Losses in the Hamas-Israel War – Day 111

I have not blogged much about the Hamas-Israeli War since the first couple of days of the war (for example, see: Hamas-Israeli War – Day 3 | Mystics & Statistics (dupuyinstitute.org)). On Monday, 22 January, 24 Israeli soldiers were killed in one day. Twenty-one were killed in a single blast that collapsed two buildings. Previously, on October 31, 16 Israeli soldiers were killed, 11 in a single incident when an armored personnel carrier was hit. 

Total losses for the Israeli armed forces during the offensive into Gaza is 219 (as of 22 January). See: 24 soldiers killed on deadliest day for Israeli forces in Gaza combat | CNN. Wikipedia is reporting a total of 627 service members killed, 556 soldiers, 61 police and 10 “Shin Bet” personnel. Many of those were among the 1,200 killed on 7 October. See: Authorities name 556 soldiers, 60 police officers killed in Gaza war | The Times of Israel.

Just for comparison, Israeli losses in the 1956 War were 172 killed, their losses in the 1967 war were 776-983 killed, their losses in the 1973 War were 2,521 to 2,800 killed, their losses in the 1982-85 intervention in Lebanon were 654 killed, their losses were 559 killed (256 in combat) in the 1985-2000 Southern Lebanese Conflict (vs Hezbollah) and they lost 121 killed in the 2006 Lebanon War (also vs Hezbollah). The Gaza War (2008-2009) lasted 23 days and resulted in 10 Israeli soldiers killed (and 3 civilians). The 2014 Gaza War lasted 50 days and resulted in 67 Israeli soldiers killed (and 6 civilians).

Hamas’ actual losses are harder to gauge. Israel is claiming that they have killed about 9,000 Hamas fighters in Gaza along with more than 1,000 killed during the attacks on 7 October. The U.S. is recently saying they have been attritted by 20-30%. Just to complicate such calculations, it is uncertain what Hamas’ strength originally was. U.S. intelligence estimates Hamas strength at between 25,000 to 30,000 before the war, plus thousands of police and other forces. Israel estimates Hamas at 30,000 or more.

Israel is estimating that as many at 16,000 Hamas have been wounded. The U.S. estimates between 10,500 to 11,700 wounded. This produces some unusually low wounded-to-killed ratios. Israel as reported three days ago to have 190 killed and around 1,200 wounded in their offensive operations, producing a 6.32-to-1 wounded-to-killed ratio. See: Hamas Toll Thus Far Falls Short of Israel’s War Aims, U.S. Says (msn.com).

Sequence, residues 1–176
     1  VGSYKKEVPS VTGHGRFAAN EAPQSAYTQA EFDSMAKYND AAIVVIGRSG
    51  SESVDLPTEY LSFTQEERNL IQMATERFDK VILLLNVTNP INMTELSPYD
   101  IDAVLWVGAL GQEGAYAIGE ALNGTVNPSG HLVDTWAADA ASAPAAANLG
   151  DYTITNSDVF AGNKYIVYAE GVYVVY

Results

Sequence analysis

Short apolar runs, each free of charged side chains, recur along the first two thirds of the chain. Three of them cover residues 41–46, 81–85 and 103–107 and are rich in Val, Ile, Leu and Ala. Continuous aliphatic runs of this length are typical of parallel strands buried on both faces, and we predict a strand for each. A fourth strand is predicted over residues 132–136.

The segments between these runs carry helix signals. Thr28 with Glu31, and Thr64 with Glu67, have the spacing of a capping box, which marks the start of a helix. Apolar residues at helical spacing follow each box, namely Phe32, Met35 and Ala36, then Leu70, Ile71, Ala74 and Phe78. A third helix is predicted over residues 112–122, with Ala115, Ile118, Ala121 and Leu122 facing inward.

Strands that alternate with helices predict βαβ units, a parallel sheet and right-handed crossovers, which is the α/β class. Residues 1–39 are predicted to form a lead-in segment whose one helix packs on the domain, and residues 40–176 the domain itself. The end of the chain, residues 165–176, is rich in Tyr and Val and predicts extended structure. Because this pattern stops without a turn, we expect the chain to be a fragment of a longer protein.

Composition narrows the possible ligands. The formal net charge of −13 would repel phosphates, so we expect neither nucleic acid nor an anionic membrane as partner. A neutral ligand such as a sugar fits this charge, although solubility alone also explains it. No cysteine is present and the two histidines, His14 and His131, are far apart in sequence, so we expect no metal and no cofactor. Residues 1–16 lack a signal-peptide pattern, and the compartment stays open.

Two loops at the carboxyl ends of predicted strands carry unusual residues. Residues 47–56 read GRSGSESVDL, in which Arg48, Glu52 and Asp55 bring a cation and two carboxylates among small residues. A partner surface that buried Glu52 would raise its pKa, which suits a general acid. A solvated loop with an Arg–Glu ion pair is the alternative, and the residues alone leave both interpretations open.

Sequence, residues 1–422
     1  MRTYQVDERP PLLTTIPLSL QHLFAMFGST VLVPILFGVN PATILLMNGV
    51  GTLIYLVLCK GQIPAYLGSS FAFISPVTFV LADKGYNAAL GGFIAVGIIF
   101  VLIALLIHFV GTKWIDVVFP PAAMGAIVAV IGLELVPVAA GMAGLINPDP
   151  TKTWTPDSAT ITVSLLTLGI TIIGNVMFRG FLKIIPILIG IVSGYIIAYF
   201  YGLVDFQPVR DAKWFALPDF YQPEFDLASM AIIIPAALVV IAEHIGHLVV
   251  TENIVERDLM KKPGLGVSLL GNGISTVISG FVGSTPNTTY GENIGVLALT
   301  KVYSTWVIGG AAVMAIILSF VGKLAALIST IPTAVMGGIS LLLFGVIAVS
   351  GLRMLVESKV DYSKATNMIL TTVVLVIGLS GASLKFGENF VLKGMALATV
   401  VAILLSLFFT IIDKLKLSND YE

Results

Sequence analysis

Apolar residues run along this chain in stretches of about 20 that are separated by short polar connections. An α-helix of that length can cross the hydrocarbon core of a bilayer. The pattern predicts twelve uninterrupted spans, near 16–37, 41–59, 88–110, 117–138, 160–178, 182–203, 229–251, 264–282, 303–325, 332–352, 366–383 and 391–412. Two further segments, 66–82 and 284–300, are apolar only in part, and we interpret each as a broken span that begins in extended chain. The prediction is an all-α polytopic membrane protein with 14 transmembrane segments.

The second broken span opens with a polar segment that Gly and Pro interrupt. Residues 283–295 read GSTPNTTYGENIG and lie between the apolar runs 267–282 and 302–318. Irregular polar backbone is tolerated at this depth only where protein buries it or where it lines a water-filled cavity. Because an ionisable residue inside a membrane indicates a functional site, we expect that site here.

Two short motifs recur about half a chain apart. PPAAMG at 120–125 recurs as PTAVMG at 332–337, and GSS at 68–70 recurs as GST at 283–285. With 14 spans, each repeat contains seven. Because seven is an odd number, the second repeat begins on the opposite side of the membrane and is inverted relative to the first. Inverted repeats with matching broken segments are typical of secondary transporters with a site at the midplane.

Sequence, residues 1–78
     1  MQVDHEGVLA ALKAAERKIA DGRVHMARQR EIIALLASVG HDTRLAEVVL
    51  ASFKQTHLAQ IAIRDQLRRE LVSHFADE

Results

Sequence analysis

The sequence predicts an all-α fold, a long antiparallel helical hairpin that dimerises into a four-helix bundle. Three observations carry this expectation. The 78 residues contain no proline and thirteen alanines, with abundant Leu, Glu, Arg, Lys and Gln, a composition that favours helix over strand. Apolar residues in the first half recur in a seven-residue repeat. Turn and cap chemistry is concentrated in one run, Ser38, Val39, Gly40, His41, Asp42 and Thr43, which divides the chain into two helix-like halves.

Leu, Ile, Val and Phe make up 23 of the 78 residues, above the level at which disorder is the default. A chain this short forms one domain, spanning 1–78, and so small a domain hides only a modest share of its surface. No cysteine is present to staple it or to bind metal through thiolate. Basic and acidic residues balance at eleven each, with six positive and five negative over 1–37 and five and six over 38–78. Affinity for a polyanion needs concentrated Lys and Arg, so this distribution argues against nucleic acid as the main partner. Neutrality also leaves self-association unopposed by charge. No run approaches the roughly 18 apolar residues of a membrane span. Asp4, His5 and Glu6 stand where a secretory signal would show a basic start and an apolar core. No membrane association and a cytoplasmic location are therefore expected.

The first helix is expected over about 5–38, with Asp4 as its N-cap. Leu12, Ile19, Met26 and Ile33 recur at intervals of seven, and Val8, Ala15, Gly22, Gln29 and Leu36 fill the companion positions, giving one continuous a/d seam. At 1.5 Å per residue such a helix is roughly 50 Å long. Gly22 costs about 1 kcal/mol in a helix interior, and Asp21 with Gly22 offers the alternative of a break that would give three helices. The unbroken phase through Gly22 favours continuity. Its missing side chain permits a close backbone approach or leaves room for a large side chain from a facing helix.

The Hamas-run Gaza Health Ministry has said that the total number of Palestinians killed since October 7 is 25,295 (as of 22 January). It is hard to know how accurate these figures are, but MSNBC has made the argument that in the past the Gaza Health Ministry has provided accurate estimates: Casualties in the Hamas-Israeli War | Mystics & Statistics (dupuyinstitute.org). Regardless, it does seem that a significant percent of the losses are civilians and that civilian killed number in the thousands. With over 40% of the population being under 14 or younger, then over half of those civilians were not of voting age when Hamas was first elected to lead Gaza in 2006 (and it was their last election: see 2006 Palestinian legislative election – Wikipedia). This is just noted in case someone wants to make an argument that these civilians deserve what they are getting. There has also been hundreds of thousands of civilians forced to relocate, and there are not a lot of good places to relocated to in Gaza.

Israel lost over 1,200 killed on 7 October. This included around 799 civilians and a large number of military, reservists, police, etc. Total Israeli civilians killed since the start of this war is 809 (according to Wikipedia). Over 250 civilians have been taken hostage (253 according to Wikipedia), of which 110 have been rescued or released and 38 are confirmed to now be dead (at least three killed by Israel). This leaves over 100 who may be still in captivity. Some of them have probably died (according to Wikipedia there are 107 living captives and 29 dead bodies while CNN reports 104 living and 28 dead bodies).

The U.S., in operations against the Houthis in Yemen, have lost two special forces soldiers. Houthi losses are fairly limited (10 according to Wikipedia).

There is no good solution here. I was of the opinion that the most rational result would have been for Israel to invade Gaza for two weeks, negotiate a hostage release, declare victory and pull out. For lots of reasons, this did not happen. So, the war continues past day 111, with the 800 Israeli civilians killed on 7 October being overshadowed by the thousands of civilian deaths in Gaza. Hamas is slowly winning the propaganda war.

Note the opinion of U.S. 18-24 years olds or “under 35” in various recent polls: Quinnipiac poll shows Israel-Palestine divide across generations, parties – POLITICO and Vast majority of voters back Israel over Hamas: Poll (msn.com).

Casualties in the Hamas-Israeli War

There is an MSNBC news clip about casualties in the Hamas-Israeli War that is worth noting: Counting the casualties in an active warzone – YouTube

I may comment on it at some point, but just wanted to bring it to people’s attention for now.